Is it possible to be objective about Star Wars?

(Or, Why The Force Awakens is more like Revenge of the Sith than A New Hope. And also like a Marmite sandwich)

In 2005, while working as arts editor for the Scotsman, I discovered that one of our feature writers, Emma Cowing, had never seen any of the Star Wars films – because, as she put it, “I’d rather spend two hours 11 minutes of my life alphabetising my sock drawer”.

Revenge of the Sith was about to be released in cinemas, so I asked Emma to watch the whole saga in episode order, from The Phantom Menace to Return of the Jedi, and write about the experience. Her verdict – in a piece headlined ‘Which one’s Darth Vader again?’ – was that Revenge of the Sith was “by far the best film in the series… brilliantly acted, amazingly shot, the true heart of the story in every sense”. And – brace yourselves, fanboys – she thought Chewbacca was “100 times more annoying than Jar Jar Binks”.

“This, ultimately, is the series’s problem,” Emma concluded. “If you watch Episodes I -III first, your heart belongs to these three movies and their main protagonists. Luke? Leia? Han Solo? Who cares? I didn’t, and though I watched on through Ewoks, Han and Leia’s love affair and Jabba the Hutt with a detached interest, I was forever thinking of the wee boy Ani who grew up to become the man behind that big black mask, and the beautiful young senator he had once loved. By the end of Return of the Jedi, the only character’s fate I was interested in was Darth Vader’s.”

I asked Emma to write the piece partly because I thought it would be funny (she is a very funny writer), partly because I was curious to know what an objective view of the entire Star Wars series might look like. At that point, the prequels had been ripped apart online for six years by people who had grown up obsessed with the original trilogy and mostly loathed the new films, at least in part, because they were so different – in look (all that CGI) and in tone (deathly serious with occasional lurches into slapstick). By the time Revenge of the Sith came along I felt a bit sorry for George Lucas, who seemed like a man increasingly desperate to placate all those ungrateful bastards. Much has been written in recent weeks about how much The Force Awakens resembles the original trilogy – to the point where it actually lifts whole chunks of its plot from all three films. But in many ways the Star Wars film it most resembles is Revenge of the Sith, in the sense that both are self-conscious, sometimes shameless exercises in trying to give hardcore fans of the original trilogy what they so desperately want.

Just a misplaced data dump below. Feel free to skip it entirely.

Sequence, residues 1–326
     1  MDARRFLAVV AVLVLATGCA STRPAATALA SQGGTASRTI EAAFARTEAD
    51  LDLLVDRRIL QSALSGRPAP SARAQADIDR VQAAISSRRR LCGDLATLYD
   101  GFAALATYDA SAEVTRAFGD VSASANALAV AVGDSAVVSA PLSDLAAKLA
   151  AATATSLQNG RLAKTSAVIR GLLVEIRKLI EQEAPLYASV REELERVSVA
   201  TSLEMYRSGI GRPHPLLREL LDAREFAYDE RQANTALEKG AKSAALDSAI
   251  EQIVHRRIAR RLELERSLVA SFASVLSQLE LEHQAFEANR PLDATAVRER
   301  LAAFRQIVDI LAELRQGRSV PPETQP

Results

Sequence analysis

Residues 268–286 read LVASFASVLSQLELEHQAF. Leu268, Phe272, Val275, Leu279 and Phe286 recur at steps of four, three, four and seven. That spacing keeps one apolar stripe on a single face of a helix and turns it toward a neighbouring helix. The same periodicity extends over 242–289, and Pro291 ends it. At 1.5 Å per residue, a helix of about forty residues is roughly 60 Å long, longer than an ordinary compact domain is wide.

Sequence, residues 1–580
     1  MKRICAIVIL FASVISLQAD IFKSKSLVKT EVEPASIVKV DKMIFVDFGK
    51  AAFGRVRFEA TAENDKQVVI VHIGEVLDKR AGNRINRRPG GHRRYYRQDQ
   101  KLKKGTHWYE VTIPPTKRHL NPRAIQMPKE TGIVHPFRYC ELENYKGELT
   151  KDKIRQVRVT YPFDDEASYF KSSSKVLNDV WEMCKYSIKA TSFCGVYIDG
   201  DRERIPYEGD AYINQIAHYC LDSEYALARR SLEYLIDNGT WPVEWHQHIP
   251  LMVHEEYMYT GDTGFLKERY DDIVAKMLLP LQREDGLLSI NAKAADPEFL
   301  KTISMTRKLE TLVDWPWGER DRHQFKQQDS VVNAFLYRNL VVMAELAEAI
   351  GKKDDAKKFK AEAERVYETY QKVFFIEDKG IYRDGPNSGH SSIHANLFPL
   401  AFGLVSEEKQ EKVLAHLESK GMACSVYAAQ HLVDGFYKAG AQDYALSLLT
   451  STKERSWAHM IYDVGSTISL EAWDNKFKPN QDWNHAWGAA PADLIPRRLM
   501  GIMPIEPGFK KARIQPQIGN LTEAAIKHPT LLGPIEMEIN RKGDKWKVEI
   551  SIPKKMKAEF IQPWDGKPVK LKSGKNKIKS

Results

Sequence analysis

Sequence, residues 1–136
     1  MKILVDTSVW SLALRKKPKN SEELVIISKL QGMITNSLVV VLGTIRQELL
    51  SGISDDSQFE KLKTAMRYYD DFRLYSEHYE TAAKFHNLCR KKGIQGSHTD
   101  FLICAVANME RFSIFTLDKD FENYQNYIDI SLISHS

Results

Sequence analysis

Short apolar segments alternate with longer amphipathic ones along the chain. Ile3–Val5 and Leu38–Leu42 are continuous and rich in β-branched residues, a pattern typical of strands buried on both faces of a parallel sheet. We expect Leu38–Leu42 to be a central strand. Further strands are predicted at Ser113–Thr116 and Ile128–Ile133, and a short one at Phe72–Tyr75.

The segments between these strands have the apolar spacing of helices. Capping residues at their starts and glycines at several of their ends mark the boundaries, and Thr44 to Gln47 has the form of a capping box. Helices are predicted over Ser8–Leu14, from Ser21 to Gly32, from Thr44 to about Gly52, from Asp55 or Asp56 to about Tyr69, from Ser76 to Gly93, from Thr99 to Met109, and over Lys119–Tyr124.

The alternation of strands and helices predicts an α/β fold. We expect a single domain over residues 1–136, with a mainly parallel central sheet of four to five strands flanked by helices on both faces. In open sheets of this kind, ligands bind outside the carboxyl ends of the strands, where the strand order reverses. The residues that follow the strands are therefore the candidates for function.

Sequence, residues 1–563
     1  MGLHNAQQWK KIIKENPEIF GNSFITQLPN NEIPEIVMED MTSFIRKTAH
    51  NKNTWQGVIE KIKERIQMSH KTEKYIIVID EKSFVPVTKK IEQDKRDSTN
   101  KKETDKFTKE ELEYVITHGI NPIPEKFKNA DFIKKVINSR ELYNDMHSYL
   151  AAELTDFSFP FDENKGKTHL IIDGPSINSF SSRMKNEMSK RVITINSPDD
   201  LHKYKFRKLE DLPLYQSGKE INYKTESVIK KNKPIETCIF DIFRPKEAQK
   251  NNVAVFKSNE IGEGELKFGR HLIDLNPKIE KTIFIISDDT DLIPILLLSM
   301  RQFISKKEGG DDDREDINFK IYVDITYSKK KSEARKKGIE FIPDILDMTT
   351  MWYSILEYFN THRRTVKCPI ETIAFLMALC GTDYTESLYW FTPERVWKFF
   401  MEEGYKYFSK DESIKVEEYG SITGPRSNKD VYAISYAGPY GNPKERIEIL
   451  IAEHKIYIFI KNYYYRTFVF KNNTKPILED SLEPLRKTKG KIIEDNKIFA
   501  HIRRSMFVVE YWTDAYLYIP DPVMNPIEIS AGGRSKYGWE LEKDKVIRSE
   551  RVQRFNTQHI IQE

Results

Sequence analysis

Revenge of the Sith was a sweet shop of nostalgic fan treats, significantly more so than the other two prequels. It had Darth Vader masked and the Emperor unmasked, a whole planet of wookiees (which, as any self-respecting geek knows, was originally going to appear in Return of the Jedi), that spaceship from Star Wars’ very first scene back in 1977, Yoda arriving on Dagobah (in the deleted scenes, at least), and fleeting glimpses of the Death Star, Alderaan, Moff Tarkin, Mon Mothma, Captain Antilles, and – purely as a sop to fans – the Millennium Falcon. The film’s title was a knowing nod to a name temporarily given to Return of the Jedi. And its teaser trailer opened with footage from the first Star Wars, back in 1977.